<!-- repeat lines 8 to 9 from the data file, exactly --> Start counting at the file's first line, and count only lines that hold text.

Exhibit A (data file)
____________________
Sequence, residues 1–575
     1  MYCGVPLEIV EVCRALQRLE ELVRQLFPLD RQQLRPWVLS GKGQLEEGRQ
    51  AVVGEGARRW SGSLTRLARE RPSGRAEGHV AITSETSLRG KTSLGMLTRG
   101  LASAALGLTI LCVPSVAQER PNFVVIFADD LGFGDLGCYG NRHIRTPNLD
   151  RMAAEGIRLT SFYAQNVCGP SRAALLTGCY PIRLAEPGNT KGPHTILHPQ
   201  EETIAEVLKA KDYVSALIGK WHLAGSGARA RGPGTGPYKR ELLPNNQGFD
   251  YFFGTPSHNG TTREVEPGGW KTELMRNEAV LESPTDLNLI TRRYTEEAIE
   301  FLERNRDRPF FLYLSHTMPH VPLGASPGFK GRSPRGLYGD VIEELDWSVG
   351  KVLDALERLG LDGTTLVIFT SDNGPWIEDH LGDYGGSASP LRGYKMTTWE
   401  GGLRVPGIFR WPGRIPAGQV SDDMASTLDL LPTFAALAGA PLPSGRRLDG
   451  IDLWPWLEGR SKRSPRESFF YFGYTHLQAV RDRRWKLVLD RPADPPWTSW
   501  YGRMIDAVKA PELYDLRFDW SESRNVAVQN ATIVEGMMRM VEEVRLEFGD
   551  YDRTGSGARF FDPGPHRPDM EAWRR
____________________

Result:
   301  FLERNRDRPF FLYLSHTMPH VPLGASPGFK GRSPRGLYGD VIEELDWSVG
   351  KVLDALERLG LDGTTLVIFT SDNGPWIEDH LGDYGGSASP LRGYKMTTWE